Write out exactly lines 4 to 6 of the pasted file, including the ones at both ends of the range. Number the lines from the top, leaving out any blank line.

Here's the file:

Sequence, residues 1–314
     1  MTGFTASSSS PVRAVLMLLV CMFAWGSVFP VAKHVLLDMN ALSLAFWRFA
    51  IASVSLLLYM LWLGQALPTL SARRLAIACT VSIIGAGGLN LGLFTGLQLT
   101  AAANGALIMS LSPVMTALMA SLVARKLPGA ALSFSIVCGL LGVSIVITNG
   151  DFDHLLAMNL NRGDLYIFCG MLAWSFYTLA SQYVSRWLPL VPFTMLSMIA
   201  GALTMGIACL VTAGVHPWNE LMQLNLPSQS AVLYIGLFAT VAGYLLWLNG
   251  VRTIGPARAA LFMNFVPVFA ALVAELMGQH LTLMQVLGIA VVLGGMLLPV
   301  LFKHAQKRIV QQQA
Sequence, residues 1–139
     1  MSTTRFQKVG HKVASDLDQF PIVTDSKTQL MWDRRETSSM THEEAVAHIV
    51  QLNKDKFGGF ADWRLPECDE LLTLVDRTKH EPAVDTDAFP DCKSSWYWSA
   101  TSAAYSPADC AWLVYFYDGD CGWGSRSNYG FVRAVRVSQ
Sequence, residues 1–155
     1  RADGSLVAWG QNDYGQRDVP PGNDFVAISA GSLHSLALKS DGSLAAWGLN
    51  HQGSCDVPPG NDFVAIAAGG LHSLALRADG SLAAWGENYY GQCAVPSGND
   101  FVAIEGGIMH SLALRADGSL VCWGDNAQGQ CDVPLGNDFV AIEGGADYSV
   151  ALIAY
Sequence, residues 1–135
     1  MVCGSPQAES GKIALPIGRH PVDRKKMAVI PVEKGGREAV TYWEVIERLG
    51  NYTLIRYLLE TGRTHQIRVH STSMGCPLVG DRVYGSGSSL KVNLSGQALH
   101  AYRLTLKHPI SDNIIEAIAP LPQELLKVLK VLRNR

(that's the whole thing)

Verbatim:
   101  AAANGALIMS LSPVMTALMA SLVARKLPGA ALSFSIVCGL LGVSIVITNG
   151  DFDHLLAMNL NRGDLYIFCG MLAWSFYTLA SQYVSRWLPL VPFTMLSMIA
   201  GALTMGIACL VTAGVHPWNE LMQLNLPSQS AVLYIGLFAT VAGYLLWLNG